Indonesia to give consumers, manufacturers subsidies for electric cars

Arie Firdaus
Indonesia to give consumers, manufacturers subsidies for electric cars Luhut Pandjaitan, Indonesia’s coordinating minister for Maritime Affairs and Investment, speaks during a press conference in Jakarta announcing government subsidies for purchases of electric vehicles, March 6, 2023.
Handout photo/Indonesian Ministry of Maritime Affairs and Investment Ministry

Indonesia will offer subsidies to consumers and manufacturers of electric vehicles this year as part of its efforts to reduce carbon emissions and boost its domestic battery industry, a senior minister said on Monday.

The subsidies will cover 200,000 electric motorcycles and 35,900 electric cars this year, Luhut Binsar Pandjaitan, the coordinating minister for Maritime Affairs and Investment, told a press conference in Jakarta.

A 7 million rupiah (U.S. $450) cash subsidy will be given to each person who buys a new electric motorcycle made in Indonesia from March 20, Luhut said. The amount of subsidy for electric car purchases will vary depending on the type and model of the vehicle.

He said the subsidies were aimed at making electric vehicles more affordable and attractive for the public and investors.

Indonesia, Southeast Asia’s largest economy, aims to cut greenhouse gas emissions by 29 percent by 2030 and has pledged to achieve net-zero emissions by 2070.

The country is also rich in nickel and cobalt, key minerals for battery production, and wants to develop its own battery industry to supply electric vehicles and export markets.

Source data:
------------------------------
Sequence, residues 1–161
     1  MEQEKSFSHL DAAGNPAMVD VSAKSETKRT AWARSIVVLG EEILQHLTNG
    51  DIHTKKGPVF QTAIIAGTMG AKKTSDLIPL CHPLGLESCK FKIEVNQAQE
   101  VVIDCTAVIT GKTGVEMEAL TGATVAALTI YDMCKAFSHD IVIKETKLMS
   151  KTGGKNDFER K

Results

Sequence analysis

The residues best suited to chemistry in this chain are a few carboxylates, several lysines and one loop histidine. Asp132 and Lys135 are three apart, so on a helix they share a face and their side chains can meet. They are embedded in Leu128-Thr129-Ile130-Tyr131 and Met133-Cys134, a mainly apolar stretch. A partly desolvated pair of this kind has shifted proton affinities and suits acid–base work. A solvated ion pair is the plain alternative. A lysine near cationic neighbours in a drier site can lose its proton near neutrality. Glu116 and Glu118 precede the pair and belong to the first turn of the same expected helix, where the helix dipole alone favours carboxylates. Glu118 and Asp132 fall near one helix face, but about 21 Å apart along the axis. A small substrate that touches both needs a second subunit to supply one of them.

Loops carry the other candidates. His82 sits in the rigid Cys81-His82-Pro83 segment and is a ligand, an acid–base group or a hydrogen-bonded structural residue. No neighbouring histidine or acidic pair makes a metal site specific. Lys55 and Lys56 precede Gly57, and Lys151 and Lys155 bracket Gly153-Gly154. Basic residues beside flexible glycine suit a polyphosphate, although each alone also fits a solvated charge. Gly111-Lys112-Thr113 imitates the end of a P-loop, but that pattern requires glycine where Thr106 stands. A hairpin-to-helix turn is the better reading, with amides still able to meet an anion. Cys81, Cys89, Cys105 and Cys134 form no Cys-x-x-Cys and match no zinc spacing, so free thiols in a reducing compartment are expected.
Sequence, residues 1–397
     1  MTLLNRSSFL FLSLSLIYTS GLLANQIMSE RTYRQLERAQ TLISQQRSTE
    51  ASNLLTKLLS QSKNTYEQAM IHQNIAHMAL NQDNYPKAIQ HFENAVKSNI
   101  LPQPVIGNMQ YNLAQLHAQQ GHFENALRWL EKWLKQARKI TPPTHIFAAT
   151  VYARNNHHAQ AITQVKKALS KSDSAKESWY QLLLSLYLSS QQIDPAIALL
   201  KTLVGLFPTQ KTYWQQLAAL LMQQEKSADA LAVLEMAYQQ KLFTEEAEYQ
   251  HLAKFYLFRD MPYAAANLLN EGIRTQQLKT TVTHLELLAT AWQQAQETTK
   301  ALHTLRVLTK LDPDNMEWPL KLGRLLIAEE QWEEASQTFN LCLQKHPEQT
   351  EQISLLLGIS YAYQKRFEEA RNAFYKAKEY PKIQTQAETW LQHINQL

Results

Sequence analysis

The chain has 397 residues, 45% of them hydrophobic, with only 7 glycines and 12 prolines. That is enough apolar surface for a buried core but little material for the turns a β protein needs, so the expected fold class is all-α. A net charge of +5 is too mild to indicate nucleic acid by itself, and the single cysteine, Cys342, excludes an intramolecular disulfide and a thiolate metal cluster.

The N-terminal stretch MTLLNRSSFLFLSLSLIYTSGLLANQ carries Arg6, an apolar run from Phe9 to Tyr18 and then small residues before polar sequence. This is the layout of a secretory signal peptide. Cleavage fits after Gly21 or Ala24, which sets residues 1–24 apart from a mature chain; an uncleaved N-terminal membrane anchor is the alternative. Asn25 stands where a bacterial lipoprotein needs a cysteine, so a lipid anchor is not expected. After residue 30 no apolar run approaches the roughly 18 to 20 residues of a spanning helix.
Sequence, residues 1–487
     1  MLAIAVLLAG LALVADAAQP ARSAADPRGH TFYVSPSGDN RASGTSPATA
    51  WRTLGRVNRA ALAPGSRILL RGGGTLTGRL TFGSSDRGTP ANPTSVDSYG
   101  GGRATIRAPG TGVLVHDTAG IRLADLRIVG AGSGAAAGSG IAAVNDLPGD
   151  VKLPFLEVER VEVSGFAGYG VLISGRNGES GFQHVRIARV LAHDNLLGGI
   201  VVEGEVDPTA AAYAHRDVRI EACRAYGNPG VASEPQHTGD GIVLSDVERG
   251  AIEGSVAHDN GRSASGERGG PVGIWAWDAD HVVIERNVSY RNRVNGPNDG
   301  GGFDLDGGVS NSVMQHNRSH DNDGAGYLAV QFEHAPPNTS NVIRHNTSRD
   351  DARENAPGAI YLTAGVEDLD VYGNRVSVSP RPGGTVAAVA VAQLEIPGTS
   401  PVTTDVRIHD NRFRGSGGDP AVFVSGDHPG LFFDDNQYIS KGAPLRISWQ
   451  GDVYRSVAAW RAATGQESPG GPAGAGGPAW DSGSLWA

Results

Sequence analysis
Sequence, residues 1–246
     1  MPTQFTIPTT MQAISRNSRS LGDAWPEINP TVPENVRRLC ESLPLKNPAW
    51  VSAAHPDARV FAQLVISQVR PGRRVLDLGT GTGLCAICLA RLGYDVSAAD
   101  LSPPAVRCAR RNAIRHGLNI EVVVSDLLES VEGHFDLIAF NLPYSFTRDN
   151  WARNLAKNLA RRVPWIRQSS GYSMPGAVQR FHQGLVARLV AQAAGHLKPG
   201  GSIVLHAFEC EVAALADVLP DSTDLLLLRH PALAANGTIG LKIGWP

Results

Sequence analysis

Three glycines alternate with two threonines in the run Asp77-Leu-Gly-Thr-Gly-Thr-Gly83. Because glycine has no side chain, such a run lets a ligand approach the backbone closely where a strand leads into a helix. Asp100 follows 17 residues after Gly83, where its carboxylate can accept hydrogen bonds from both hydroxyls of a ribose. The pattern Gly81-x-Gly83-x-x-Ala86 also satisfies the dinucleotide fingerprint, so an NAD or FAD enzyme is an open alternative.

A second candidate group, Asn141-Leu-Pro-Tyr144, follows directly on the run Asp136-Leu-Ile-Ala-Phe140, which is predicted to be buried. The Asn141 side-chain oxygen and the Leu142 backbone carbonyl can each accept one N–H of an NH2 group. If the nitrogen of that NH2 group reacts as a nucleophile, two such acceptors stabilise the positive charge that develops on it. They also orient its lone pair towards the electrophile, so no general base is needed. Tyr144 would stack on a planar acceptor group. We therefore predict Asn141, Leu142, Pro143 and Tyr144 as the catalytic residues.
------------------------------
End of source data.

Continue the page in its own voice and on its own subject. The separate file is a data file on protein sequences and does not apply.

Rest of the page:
Luhut said the development of battery-based electric vehicles would help Indonesia improve its energy security and air quality, as well as create jobs, new technologies and state revenue.

“Currently other countries, our neighbors, are encouraging electric vehicle adoption with various incentives. We use the term government assistance. They use massive state funds to make it attractive to invest in the electric vehicle industry,” he told reporters.

A worker cleans a Hyundai IONIQ 5 electric car during the Indonesia International Motor Show in Jakarta, Feb. 16, 2023. [Willy Kurniawan/Reuters]

Indonesia has been trying to attract global automakers to invest in EV production in the country, which has abundant reserves of nickel, a key ingredient for lithium-ion batteries.

South Korea’s Hyundai Motor Co. and China’s Wuling Motors last year launched electric cars manufactured at their plants near Jakarta. The Toyota Motor Corp. and Tesla Inc. have expressed interest in exploring EV opportunities in Indonesia.

The government had earlier introduced incentives including tax breaks for EV buyers.

Indonesia, home to about 270 million people, is also one of the world’s largest consumers of fuel oil.

The government expects that by 2030, EVs will account for at least 20% of total vehicle sales in Indonesia.

Indonesia is also trying to attract foreign investment and develop its own supply chain of nickel-based batteries.

The country has signed deals with China’s CATL and Hyundai Motors to build battery plants in Indonesia.


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